If the aggression has not been severe it may be possible to get the cats re-acclimated to one another through play. The best toy is a rod-type handle with a catnip mouse or feathers on the end for chasing and pouncing. With each cat on either side of a slightly open door introduce the toy and see if they will play with each other.

 Another possible way to re-introduce cats is with the use of a crate. Place one cat in the crate while the other cat is loose in the room, usually starting with the victim loose so that it can find a comfortable distance and feel secure. This might best be done at feeding or play times. Allow the cats to become comfortable in the presence of one another. Then, the next time, switch occupants of the crate for the session unless the occupant of the crate is too frightened. An alternate method is to use a screen door on a room to separate the cats but allow them to visualize each other and get used to the sight of one another. Feeding the cats on either side of the door can also be used to facilitate the process. The use of pheromones in a spray or diffuser may help calm very agitated cats.

 If the problem is severe, one or both of the cats may need to be medicated. This is a step that needs to be discussed with your veterinarian and all the risks and benefits explored.  See our handout on territorial and fear aggression of cats to other cats for further details

 Can redirected aggression be directed towards people?

Yes. Aggression can also be redirected toward people when a cat that is highly aroused by a stimulus is approached or disturbed by a person.  Avoidance of the aggression-producing situation is necessary. Situations include the sight or sound of intruder cats on the property, especially in the spring and fall, new people or pets in the household, the sight or sound of prey, loud or unusual noises and a variety of other new or novel stimuli that are sometimes difficult to identify. If the problem arises, the owners must avoid the cat until it is calmed down.  As with redirected aggression to other cats, the immediate treatment is to avoid the cat, preferably by finding a safe way to confine the cat in an area away from people, and then releasing the cat only after it is calm.  Again this can take a few minutes to a few days and each time you open the door to check on the cat, you must determine if it is calm and safe to release.  Offering food, treats or a play toy can help to determine whether the cat is sufficiently settled.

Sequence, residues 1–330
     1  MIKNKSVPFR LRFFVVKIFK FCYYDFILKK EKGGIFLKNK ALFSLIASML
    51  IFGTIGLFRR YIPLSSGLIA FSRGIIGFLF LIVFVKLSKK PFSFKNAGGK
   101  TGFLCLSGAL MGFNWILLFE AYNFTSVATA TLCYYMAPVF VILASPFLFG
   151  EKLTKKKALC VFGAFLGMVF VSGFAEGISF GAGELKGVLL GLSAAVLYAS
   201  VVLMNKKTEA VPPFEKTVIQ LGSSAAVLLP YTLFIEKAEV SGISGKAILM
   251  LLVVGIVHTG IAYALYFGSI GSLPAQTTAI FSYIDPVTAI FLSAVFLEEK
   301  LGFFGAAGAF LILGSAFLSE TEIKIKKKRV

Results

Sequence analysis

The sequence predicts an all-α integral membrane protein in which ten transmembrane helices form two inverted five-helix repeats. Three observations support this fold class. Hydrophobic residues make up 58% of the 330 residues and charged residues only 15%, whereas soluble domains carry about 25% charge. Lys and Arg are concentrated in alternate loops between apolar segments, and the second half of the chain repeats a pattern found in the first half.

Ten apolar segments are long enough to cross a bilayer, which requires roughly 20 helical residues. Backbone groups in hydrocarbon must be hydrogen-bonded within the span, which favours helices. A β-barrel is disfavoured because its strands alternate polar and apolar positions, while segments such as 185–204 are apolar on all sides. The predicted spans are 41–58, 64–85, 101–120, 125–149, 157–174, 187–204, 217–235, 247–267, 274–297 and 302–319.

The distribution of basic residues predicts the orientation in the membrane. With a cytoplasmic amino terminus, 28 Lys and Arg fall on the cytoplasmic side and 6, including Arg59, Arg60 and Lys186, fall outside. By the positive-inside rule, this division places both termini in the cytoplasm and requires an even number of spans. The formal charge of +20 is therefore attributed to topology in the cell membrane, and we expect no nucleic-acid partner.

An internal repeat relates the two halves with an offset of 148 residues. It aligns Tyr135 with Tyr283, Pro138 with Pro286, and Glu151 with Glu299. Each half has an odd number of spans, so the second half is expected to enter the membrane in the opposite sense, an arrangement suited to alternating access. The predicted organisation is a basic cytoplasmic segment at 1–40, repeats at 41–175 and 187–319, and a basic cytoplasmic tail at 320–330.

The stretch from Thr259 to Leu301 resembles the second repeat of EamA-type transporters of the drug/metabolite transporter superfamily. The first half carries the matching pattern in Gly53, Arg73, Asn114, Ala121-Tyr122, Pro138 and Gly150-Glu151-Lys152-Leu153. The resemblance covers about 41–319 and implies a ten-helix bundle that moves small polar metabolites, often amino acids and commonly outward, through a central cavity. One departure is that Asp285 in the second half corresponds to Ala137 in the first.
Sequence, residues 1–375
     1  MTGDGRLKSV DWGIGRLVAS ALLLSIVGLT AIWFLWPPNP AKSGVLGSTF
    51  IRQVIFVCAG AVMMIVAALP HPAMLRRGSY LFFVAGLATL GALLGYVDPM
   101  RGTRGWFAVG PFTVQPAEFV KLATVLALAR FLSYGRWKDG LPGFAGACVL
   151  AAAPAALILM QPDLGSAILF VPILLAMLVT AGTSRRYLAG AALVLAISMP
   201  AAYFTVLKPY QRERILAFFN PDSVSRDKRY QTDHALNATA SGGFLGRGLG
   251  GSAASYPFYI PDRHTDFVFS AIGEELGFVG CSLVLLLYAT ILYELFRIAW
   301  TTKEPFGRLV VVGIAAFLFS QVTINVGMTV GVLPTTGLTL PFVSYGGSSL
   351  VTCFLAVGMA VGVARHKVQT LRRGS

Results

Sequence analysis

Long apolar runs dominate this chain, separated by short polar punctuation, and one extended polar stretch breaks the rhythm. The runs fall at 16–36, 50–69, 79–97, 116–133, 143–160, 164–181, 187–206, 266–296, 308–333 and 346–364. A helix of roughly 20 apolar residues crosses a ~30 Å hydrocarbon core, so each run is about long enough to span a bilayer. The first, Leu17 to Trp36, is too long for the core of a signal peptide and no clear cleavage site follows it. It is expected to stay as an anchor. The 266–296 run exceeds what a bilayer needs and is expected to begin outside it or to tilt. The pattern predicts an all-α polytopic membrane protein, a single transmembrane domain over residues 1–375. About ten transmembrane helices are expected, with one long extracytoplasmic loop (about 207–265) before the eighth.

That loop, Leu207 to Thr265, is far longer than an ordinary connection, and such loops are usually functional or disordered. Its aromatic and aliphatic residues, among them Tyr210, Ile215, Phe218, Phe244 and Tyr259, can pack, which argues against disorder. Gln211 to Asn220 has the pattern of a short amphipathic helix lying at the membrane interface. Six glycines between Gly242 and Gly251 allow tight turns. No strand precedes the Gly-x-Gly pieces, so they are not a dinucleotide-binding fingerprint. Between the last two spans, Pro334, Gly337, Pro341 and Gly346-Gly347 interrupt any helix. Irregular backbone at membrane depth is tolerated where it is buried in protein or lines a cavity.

How can redirected aggression be treated?

Resolving the aggression requires that the source of the arousal, agitation or aggression be identified (See our handout on Aggression – diagnosing and treating).  While desensitization and counter-conditioning would be the best way to resolve the anxiety associated with the stimulus, this is seldom practical except perhaps for noises (which might be presented at varying gradients of intensity) or when the arousal is due to other cats or people in the home. (Desensitization and counter-conditioning in cats is discussed in further detail in our handouts on behavior modification, fear in cats, territorial aggression and multicat households). It might also be possible to teach the cat to settle and take food rewards in the areas where it gets aroused by stimuli such as other cats (e.g. on the window sill).  Avoiding exposure to the arousing stimuli is, at least from the outset, the safest and most practical means of preventing further aggression.  This might be achieved by confining your cat away from the doors and windows, where the stimulus might be seen, heard, or smelled. Keep it out of the room (this may only be necessary at times when the stimuli, such as other cats, are likely to be around) or use booby-traps such as motion detectors to keep your cat away from the doors and windows. Installing vertical blinds or shutters, or placing sticky tape or upside down carpet runners along the windowsills or in front of the doorway may be sufficient. Alternately remove the stimulus or keep an intruder off the property by using repellents or outdoors booby-traps such as ultrasonic devices or motion detector alarms or sprinklers. Keeping garbage locked up and removing bird feeders can reduce the chances that animals will enter your property and disturb your cat (See our handouts on controlling undesirable behavior in cats and on behavior products).  Drug therapy may also be useful in some cases to prevent excessive arousal.

  



  This client information sheet is based on material written by Debra Horwitz, DVM, Diplomate ACVB & Gary Landsberg, DVM, Diplomate ACVB

© Copyright 2005 Lifelearn Inc. Used with permission under license. December 8, 2011